Joan's Reviews > Captain Corelli’s Mandolin

Captain Corelli’s Mandolin by Louis de Bernières
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's review
Mar 15, 12

Reading this novel is spending time with an author who has an exuberant zest for writing, and pours that exuberance into his characters. Set on the Greek Island of Cephallonia during WWII, when it was occupied by the Italians, the story begins as a joyful tale of forbidden love. Reluctant soldier and master mandolin player, Captain Antonio Corelli, is billeted in the humble home of the local doctor and his beautiful daughter, Pelagia. The proud Greeks are not happy to have the Italian army overrun their island paradise, but the Italians are friendly and fun, and are more interested in singing than in subjugating the locals. The war drags on, there are shortages, and suffering increases until eventually, Italy surrenders to the Allied forces and the Germans move in to occupy the island.
The Nazis are harsh and murderous; the Italian soldiers turn against their former allies, and ultimately are hideously wiped out by the German forces. Corelli is severely wounded but his life is spared due to the sacrifice of his close comrade in arms, the compassion of a local strong man who carries him back to the doctor’s home, and the doctor’s valiant surgery, using mandolin strings to stitch him up. Pelagia and her father nurse him back to health, hide him from the Nazis and eventually help him to escape from the island in a boat. She desperately hopes that one day the two will be able to reunite and marry.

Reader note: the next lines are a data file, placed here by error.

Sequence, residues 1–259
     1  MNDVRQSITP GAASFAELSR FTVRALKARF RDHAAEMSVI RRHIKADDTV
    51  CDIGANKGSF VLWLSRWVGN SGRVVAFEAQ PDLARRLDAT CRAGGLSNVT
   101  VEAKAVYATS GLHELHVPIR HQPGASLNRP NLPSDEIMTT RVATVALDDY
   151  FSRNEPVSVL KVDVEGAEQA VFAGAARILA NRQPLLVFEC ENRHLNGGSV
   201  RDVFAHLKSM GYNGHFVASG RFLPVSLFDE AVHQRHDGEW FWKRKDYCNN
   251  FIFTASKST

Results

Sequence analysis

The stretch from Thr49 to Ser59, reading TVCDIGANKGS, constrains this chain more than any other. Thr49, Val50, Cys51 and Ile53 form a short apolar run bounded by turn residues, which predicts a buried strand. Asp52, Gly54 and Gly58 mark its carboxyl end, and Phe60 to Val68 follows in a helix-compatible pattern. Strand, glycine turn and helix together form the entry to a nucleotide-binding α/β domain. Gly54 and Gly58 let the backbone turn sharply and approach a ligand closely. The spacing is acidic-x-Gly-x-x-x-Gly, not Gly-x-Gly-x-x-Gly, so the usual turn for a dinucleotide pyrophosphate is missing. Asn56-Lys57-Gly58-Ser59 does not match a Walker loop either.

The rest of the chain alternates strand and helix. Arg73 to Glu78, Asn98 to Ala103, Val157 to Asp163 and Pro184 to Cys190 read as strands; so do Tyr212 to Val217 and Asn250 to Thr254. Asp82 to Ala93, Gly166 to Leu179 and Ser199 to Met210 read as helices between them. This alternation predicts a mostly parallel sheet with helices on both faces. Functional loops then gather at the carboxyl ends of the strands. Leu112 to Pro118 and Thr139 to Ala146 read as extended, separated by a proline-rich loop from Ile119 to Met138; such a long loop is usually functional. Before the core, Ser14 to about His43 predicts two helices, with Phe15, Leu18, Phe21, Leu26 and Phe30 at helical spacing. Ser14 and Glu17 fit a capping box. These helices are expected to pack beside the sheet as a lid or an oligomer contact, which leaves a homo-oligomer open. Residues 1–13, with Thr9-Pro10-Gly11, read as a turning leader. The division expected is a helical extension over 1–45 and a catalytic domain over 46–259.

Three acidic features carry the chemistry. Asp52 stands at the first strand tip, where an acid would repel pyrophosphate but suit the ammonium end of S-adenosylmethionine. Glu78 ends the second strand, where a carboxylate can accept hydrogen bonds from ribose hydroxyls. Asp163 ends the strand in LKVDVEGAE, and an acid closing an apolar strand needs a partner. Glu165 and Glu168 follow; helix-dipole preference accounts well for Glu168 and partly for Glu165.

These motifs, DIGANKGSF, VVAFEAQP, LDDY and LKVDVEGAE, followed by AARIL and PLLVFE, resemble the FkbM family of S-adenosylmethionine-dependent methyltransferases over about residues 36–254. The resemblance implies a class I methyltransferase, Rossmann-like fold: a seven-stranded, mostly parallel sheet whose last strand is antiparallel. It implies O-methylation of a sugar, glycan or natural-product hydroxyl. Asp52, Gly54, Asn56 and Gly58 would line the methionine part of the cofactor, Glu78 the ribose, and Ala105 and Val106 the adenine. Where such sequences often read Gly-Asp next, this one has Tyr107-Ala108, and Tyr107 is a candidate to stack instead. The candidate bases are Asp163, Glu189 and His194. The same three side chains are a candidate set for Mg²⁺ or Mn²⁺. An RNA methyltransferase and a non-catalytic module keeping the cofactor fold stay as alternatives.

Years pass. The country is embroiled in a terrible civil war. Pelagia’s jubilant youth fades into spinsterhood. She assumes Corelli has perished. She survives the ravages of war and a terrible earthquake that kills her beloved father, only to find out, as the novel comes to an end, that the cruel separation from the love of her life, that she has endured all these years, need not have been.
DeBernieres’ prose is gripping and vivid. His ability to paint pictures of love, honor, joy and life is equaled by his talent at depicting the horrific, violent misery of war. This novel is a great read.

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